The nascent custom-build sector should not be viewed as a threat by volume housebuilders. Rather, it is a chance for them to sell more homes

katje stille

Last year, 14,000 new self-build homes were developed and there is a growing customer base of people who want more than the traditional housing market provides. There are obvious benefits to this new sector, which has been pitched by government as an important element to its housing strategy and encouraged in the National Planning Policy Framework (NPPF) reforms.

But it still hasn’t taken off in a big way in the UK. This may be because the housebuilding industry isn’t yet fully aware that the government’s desire for self-build can be embraced with ease and without detriment to its current business model.

The term custom-build is a far more accurate description of this new sector. “Self-build” can seem daunting for the end user who imagines having to build their new home themselves; while custom-build offers choice on internal layout, design and materials without the hassle of a Grand Designs-type project.

Likewise for the housebuilder, self-build sounds too far removed from their own business model. In contrast, custom-build is what housebuilders are already doing every day, albeit on a much larger scale.

Volume housebuilders are well suited to help people to create their own custom-build homes. They have the expertise to deliver infrastructure and act as master developer, and already have a well-tested catalogue of house types that lend themselves to be customised. The main question is why should the housebuilding industry modify its business model? After all, the industry is much stronger than it was a few years ago.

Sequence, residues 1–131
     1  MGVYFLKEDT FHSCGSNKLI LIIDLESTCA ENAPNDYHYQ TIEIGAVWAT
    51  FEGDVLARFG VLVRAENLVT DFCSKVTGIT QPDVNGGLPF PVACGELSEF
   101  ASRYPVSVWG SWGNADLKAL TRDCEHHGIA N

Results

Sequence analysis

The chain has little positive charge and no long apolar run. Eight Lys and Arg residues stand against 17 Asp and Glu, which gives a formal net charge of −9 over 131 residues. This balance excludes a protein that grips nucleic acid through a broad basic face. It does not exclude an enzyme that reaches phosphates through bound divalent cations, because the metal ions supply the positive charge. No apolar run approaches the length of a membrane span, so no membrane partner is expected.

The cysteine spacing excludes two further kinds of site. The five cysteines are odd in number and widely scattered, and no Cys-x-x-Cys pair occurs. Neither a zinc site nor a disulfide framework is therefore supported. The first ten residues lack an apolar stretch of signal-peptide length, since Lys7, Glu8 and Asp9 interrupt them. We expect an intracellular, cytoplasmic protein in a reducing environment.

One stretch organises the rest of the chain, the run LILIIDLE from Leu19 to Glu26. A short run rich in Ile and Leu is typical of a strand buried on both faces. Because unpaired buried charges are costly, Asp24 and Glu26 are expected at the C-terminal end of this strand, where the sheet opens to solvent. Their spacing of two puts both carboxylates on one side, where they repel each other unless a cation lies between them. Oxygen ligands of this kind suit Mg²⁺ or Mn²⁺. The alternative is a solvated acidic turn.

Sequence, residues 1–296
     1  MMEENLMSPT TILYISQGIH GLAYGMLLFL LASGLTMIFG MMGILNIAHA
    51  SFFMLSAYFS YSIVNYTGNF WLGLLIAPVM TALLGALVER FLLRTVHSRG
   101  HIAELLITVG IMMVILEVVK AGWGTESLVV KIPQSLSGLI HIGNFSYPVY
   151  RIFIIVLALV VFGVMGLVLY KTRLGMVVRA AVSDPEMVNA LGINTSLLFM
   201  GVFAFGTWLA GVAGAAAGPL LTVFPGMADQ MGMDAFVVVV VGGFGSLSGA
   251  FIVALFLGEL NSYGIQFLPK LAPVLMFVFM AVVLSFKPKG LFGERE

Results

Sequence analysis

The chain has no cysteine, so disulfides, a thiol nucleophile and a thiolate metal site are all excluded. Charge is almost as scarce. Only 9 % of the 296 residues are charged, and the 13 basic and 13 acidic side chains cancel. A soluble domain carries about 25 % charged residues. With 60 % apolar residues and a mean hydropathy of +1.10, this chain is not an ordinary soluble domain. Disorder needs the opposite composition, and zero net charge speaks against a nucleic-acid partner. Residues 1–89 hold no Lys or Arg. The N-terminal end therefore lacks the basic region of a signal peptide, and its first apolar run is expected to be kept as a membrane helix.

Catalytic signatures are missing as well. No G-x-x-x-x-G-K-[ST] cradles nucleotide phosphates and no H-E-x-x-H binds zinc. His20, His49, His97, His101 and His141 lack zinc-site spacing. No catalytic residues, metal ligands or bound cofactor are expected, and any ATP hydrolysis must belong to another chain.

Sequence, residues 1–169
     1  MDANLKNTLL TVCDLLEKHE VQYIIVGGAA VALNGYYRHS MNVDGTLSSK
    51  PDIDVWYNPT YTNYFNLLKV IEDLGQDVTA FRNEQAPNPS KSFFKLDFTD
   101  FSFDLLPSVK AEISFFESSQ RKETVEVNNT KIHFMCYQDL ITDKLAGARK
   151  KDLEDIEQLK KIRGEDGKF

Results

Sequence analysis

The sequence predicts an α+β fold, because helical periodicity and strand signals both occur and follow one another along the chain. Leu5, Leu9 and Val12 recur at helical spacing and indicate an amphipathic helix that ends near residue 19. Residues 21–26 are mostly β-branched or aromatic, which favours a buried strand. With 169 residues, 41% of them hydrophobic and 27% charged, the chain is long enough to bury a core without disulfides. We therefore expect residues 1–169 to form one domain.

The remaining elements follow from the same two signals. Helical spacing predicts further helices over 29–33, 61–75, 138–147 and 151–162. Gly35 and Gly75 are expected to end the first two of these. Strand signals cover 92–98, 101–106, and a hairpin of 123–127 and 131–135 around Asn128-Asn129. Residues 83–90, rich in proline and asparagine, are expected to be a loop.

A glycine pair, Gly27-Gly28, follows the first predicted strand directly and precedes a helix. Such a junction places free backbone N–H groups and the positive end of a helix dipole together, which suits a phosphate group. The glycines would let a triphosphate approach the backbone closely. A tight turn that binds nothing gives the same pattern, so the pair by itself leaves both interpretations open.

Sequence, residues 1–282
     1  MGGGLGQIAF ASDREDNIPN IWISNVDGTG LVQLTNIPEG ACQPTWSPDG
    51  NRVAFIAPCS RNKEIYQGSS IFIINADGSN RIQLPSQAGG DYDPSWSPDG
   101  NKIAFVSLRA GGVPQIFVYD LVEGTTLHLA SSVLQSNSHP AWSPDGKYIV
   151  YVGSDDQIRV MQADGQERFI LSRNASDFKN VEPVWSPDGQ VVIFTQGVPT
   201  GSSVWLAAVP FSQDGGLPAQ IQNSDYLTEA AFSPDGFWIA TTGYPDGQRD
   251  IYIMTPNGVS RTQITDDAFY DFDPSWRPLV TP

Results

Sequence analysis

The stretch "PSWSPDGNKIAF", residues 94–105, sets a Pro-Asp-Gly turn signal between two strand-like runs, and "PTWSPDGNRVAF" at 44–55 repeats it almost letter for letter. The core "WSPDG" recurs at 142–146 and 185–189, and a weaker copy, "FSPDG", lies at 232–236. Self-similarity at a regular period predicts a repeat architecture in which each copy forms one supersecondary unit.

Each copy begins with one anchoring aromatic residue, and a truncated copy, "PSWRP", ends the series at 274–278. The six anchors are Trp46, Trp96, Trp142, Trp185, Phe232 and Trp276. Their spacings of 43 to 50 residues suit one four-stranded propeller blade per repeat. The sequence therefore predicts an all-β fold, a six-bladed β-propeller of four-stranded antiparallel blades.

But custom-build offers housebuilders an opportunity to start future-proofing and protecting themselves against another recession by opening up their customer base and tapping into a market that is currently not catered for. The flexibility of the custom-build model also means that it mirrors many aspects of the housebuilder business model and therefore requires tweaking rather than fundamental change to establish effectively.

Custom-build offers housebuilders an opportunity to start future-proofing by opening up their customer base and tapping into a market that is not catered for

Under their current business models, housebuilders already sell parcels of land to competitors. Custom-building still enables a housebuilder to sell off land when necessary but without inviting competition onto the site from a rival. By turning instead to a custom-build agent (though this market needs developing) who will buy the land for development, they will get the same commercial advantage without the need to deal with the individuals developing their homes.

A key issue of custom-build is retaining control of quality and layout to protect everyone’s investments. This is where good planning and a clear understanding of the role and effectiveness of design controls can help. In all cases the development framework should be tied to the land deal. The land deal can require the custom-build agents to build out their plot in a specific timeframe and to a certain standard to ensure that there are no unsightly gaps, and if the volume housebuilder chooses to promote design codes as well, compliance is much more likely.

There are several approaches that housebuilders can adopt to ensure that a move to custom-build still protects their investment. They can get new outline planning permissions linked to a detailed development framework and/or design code that controls key issues about placemaking. Or they can apply for a local development order to be put in place.

This would effectively extend the permitted development rights in respect of the identified site or category of development and would avoid the need for planning permission for individual plots.

There is huge potential for housebuilders to tap into this new market. Protecting the value of land and investments is key, but once these are in place, tweaking the business model to broaden the customer base makes commercial sense, especially in an uncertain market.

Katja Stille is an associate at Tibbalds Planning and Urban Design